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Diary of Charles Francis Adams, 1862

Friday 7th

7 March 1862

Sunday 9th

9 March 1862
8 March 1862
Saturday 8th



A lovely spring day, clear and general as possible. I went out to breakfast with Mr Field, at Fenton’s Hotel. A small company consisting of Mr Bright, Mr Forster, Mr Kinnaird, Mr Baseley, Mr Kinnaird, members of the House of Commons, Sir Rowland Hill the famous Director of the Postal system, and Messrs Weed and Lampson. The conversation45 turned upon the discussion last night in the House of Commons. Mr Gregory made his long threatened demonstration upon a notion for the productions of more papers about the blockade. His speech was elaborate and effective; but it was answered fully by Mr Forster and Sir Roundell Palmer closed the debate so that three was no division. I had not felt any uneasiness on this subject after the reception of the continuous news of successes which renders the probability of the insurgents sustaining themselves much more dubious. Mr Gregory could not have selected a more difficult moment for himself as the current of opinion is setting much the other way. Nothing shines so dazzling to the military eye of Europe as success. Our English friends appreciate it as full as any body. The campaign will proceed without farther difficulty. I talked much with Sir Rowland Hill about the organization of the city ports which he says is increasing in proportion to the facilities given. I think in this they are in advance of us. He invited me to visit the general distribution Office on some evening. They admit but one party on one day. I said I should be happy to come. I returned home to be present at noon when Mr Peabody, and the five gentlemen when he proposed to make the Trustees of his benefaction, assembled. The old gentleman was much agitated and feeble from late illness. He took out the draft of a letter which he proposed to write to us, being pretty much the same he read to me some weeks ago. Lord Stanley objected to two or three phrases which led to some interchange of opinion, and a final agreement on the form. It was then settled to put the letter into shape and sign it, after which Mr Peabody could transfer the money, and to adjourn for one week. Returned a visit of two with Mrs Adams and then a pleasant walk with Mary in Hyde Park. We dined at Mr Edward Ellice’s. Lady Zetland, Sir George and Lady Grey, Lord Stanhope, Mr Warrington, Mr Panizzi, Sir Edward Head and Mr T. Baring. One or two of the ladies I did not know. I sat between Mrs Ellice Junr and Colonel Ellis, the nephew. Lord Zetland and Edward Ellice Jr came in from dining with the Fox Club. Mr Ellis is a well wisher to America, and he has more knowledge46 from repeated visits than most people. But he is full of the usual English motions. Lord Zetland is a new creation, much like other Lords. We left some to pay a short visit to Lord and Lady Palmerston. Small company, but most of the corps Diplomatique. Many persons talked of our late advantages in America and of the probability of an early pacification. I was congratulated all round as if every body wanted us to succeed. Even Lord Palmerston seemed to doubt his former judgment, I endeavoured to receive it all as matter of course and without exultation. I had some talk with Lord Cranworth, who conceded a restoration of the border States and though this should be all we ought to desire. Why not let the cotton states go? It would be cutting clear of slavery which would ultimately remain to plague us and renew our difficulties. The English idea of division lies at the bottom of it all. Mr Munchton Milnes who spoke last night told me that a majority of the members were at heart with Mr Gregory, but all the weight was against them so that there could be no manipulation. Home by midnight after a pretty fatiguing day.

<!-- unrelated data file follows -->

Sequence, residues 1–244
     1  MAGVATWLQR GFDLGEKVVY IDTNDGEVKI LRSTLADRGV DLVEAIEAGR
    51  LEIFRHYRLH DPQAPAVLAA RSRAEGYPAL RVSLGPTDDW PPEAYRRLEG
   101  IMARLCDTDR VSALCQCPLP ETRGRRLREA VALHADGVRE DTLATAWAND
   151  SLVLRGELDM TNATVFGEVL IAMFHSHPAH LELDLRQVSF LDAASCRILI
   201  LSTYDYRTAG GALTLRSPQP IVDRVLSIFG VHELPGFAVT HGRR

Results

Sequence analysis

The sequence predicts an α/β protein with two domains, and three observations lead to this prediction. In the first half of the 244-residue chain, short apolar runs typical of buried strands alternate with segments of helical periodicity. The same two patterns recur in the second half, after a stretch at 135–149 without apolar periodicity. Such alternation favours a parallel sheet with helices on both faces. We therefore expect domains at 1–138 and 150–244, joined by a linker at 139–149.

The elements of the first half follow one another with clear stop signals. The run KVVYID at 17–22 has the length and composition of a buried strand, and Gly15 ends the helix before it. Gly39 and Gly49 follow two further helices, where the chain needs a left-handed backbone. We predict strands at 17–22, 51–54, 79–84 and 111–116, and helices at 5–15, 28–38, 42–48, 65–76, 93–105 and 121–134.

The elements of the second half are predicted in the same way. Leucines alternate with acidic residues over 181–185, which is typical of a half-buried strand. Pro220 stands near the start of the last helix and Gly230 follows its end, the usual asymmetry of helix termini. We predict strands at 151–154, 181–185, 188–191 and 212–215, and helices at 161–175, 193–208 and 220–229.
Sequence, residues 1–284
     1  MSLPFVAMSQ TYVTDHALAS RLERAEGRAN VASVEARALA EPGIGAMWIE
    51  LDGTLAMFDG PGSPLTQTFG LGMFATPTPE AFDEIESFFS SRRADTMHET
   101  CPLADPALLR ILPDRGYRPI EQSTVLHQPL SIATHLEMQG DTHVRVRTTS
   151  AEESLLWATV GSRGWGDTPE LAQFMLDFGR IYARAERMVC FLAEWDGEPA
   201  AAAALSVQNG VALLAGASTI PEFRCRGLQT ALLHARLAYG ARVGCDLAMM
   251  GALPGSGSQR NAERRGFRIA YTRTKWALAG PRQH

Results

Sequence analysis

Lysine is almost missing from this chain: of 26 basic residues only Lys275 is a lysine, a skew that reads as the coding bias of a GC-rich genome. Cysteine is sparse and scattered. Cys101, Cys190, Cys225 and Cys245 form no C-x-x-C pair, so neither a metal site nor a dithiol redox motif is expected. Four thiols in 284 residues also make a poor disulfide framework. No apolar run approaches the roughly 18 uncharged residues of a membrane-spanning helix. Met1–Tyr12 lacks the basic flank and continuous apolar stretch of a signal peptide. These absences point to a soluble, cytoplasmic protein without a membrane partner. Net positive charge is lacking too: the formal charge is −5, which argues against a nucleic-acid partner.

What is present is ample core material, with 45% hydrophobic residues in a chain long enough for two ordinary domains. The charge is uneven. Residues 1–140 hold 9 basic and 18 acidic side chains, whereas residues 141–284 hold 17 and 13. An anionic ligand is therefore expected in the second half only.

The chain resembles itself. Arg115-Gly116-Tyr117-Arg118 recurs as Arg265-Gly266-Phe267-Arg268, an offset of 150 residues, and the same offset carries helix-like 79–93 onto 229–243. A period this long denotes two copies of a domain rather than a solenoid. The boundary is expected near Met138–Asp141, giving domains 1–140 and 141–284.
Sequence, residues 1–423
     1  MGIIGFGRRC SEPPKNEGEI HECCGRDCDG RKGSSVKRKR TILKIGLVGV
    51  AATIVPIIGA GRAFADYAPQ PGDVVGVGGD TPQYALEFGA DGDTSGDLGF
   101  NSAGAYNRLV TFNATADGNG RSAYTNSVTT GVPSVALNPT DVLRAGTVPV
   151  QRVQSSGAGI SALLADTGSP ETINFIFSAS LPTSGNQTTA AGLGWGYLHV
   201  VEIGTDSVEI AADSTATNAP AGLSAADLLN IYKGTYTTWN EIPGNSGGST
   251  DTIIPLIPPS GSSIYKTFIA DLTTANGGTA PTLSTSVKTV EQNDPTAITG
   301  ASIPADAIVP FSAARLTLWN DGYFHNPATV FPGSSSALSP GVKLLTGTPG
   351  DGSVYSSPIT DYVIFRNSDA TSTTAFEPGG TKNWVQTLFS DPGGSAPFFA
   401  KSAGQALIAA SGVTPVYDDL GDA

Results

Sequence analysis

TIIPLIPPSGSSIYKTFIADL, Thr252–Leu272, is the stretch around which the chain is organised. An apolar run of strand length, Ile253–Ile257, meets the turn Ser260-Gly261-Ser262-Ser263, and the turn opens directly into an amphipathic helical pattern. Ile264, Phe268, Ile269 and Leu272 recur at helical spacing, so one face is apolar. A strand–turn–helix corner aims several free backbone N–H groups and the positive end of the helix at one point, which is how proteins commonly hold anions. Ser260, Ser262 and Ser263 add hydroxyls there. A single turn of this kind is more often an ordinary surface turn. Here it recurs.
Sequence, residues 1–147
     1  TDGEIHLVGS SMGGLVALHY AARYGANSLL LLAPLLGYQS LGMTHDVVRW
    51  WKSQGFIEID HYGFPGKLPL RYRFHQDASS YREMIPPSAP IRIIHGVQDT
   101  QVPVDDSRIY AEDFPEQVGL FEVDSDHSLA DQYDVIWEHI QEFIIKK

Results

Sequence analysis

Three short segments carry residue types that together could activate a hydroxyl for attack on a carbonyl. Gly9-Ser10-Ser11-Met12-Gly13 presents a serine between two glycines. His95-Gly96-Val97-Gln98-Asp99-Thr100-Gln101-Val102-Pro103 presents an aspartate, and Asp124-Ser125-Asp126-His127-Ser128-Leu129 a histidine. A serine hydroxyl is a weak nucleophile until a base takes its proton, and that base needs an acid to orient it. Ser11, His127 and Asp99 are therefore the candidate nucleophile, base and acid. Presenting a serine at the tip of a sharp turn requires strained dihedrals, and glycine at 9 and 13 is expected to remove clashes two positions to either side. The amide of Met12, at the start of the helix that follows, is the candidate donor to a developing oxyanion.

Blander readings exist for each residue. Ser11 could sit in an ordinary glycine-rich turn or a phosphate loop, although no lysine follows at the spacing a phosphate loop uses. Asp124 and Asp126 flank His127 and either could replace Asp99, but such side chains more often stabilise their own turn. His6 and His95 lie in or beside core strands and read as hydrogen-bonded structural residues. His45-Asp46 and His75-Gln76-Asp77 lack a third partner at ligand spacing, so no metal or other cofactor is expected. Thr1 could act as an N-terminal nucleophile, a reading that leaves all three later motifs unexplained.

Cite web page as:

Charles Francis Adams, Sr., [date of entry], diary, in Charles Francis Adams, Sr.: The Civil War Diaries (Unverified Transcriptions). Boston: Massachusetts Historical Society, 2015. http://www.masshist.org/publications/cfa-civil-war/view?id=DCA62d067